InsiderBusinessStable payroll for Bank of Cyprus and Hellenic

Stable payroll for Bank of Cyprus and Hellenic

Payroll costs for Bank of Cyprus and Hellenic Bank remained stable for two consecutive quarters despite a downward trend recorded in the second and third quarters of 2018.

Half of the expenses of both banks go towards wages, according to Central Bank of Cyprus figures. The payroll in the fourth quarter of 2018 was at 50% – as high as in the third quarter. In contrast, payroll was at the lowest point ever since data was recorded in the first and second quarters. That is, at 48.6% and 47.5% respectively.

Bank staff costs accounted for 66.2% of total expenses back in March 2013, the month of the bail-in in Cyprus. In March 2014, salary costs amounted to 59.9% and reached 54.1% in December 2014. In December 2015, salary costs dropped to 51.3%, declined to 51% in December 2017 and reached 50% by 2018.

Despite the decline in salary and total expenses ratio, banks are still facing a problem because of a decline in revenue. According to figures announced, Bank of Cyprus spent €176.62 million on wages in 2018 compared to €166.43 million in 2017. The Group’s total staff was 4,146 as at December 31, 2018 (compared with 4,355 in 2017).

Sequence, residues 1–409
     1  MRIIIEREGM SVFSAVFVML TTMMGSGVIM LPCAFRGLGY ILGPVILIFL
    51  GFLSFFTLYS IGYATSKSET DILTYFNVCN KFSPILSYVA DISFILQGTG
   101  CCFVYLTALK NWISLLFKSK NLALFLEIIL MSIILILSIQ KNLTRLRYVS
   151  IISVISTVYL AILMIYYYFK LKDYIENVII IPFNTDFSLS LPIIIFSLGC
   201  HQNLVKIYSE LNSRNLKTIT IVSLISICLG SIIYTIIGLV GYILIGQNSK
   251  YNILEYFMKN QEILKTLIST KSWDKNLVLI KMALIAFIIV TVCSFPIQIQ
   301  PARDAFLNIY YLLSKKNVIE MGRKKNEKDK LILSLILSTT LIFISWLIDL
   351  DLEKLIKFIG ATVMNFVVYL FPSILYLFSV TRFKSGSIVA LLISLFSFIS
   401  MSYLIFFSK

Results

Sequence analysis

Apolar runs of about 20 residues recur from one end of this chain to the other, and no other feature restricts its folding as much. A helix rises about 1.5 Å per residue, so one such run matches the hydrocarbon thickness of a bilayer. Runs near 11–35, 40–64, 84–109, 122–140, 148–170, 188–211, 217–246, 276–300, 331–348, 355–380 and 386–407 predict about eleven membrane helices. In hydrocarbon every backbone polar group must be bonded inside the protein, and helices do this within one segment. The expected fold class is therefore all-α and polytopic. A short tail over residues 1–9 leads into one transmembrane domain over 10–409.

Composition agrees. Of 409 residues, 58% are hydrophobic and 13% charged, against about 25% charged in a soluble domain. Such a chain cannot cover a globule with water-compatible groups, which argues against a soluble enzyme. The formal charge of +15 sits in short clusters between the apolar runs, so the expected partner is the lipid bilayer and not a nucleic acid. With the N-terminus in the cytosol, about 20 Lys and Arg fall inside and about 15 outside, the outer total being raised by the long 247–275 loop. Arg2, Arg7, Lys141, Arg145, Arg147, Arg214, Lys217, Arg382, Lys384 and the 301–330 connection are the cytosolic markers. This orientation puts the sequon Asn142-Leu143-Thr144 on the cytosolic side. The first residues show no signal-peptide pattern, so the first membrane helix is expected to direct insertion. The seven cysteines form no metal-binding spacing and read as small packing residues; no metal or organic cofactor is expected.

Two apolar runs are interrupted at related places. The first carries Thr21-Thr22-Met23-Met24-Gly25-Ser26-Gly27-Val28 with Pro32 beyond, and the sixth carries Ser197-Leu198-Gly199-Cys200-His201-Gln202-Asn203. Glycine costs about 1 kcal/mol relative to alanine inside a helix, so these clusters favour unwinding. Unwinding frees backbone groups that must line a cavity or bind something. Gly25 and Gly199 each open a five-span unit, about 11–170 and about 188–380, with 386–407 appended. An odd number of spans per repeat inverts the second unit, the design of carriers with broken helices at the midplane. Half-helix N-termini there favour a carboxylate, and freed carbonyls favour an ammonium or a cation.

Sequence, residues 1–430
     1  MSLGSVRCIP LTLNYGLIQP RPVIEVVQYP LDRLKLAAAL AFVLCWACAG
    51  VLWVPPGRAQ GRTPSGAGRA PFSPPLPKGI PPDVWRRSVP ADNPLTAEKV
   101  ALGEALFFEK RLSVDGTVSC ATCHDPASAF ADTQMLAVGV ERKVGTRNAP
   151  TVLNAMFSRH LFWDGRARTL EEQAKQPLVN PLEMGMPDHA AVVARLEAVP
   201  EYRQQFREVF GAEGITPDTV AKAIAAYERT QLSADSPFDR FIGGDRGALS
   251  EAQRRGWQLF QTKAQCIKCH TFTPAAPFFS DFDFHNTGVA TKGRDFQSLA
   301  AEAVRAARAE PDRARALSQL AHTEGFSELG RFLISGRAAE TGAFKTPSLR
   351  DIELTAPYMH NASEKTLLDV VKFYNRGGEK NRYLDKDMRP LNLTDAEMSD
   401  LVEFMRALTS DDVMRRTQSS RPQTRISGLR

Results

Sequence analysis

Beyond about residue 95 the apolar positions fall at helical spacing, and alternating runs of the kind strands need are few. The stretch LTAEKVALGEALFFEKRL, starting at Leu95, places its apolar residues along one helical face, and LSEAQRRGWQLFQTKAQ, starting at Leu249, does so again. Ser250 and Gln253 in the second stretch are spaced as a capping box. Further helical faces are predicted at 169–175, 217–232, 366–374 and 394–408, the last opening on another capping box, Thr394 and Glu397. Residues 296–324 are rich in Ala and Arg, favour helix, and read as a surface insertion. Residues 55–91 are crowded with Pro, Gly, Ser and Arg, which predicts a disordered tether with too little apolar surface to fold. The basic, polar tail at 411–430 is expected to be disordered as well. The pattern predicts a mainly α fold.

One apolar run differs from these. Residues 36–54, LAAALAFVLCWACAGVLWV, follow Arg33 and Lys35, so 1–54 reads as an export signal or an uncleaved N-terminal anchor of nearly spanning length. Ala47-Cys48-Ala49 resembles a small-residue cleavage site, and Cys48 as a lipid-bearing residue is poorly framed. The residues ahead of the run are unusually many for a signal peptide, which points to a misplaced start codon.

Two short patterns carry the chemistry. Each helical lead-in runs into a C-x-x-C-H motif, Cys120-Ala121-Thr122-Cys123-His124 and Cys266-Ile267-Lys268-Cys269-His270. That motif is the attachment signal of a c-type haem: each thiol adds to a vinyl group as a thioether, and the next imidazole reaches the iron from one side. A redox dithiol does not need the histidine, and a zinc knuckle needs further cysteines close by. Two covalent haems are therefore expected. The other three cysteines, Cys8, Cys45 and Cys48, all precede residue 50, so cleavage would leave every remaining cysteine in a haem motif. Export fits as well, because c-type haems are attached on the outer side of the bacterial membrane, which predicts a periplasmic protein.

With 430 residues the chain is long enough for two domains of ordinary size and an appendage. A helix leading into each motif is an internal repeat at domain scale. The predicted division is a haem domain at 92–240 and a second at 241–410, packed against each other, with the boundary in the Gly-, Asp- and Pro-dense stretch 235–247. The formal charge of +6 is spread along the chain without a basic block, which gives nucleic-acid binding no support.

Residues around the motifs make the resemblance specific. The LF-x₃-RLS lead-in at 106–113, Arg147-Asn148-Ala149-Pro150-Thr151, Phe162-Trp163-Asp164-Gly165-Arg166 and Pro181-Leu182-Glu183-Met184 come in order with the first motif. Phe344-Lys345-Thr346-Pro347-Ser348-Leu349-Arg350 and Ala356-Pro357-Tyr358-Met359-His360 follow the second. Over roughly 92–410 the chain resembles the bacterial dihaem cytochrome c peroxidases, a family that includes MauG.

Hellenic Bank’s staff costs amounted to €82.5 million by end of December 31, 2018 compared to €81.6 million for the year which ended on December 31, 2017. It recorded an increase of 1% and represented 43% of the lender’s total expenses.

The increase was mainly due to the decrease in staff in the first quarter of 2018 following a voluntary early retirement plan after Hellenic’s acquisition of the Cyprus Co-op Bank. And the recorded offset was because of staff transfers as part of the acquisition deal of September 1, 2018.

The cost to income ratio for the banking system stood at 63.9% by end of March 2018, at 70.9% by end of June, at 60% by end of September and at 62.1% by end of December. The cost to income ratio was only 49.9% in March 2013, went down to 41.2% one year later and rose to 53.6% by December 2017.


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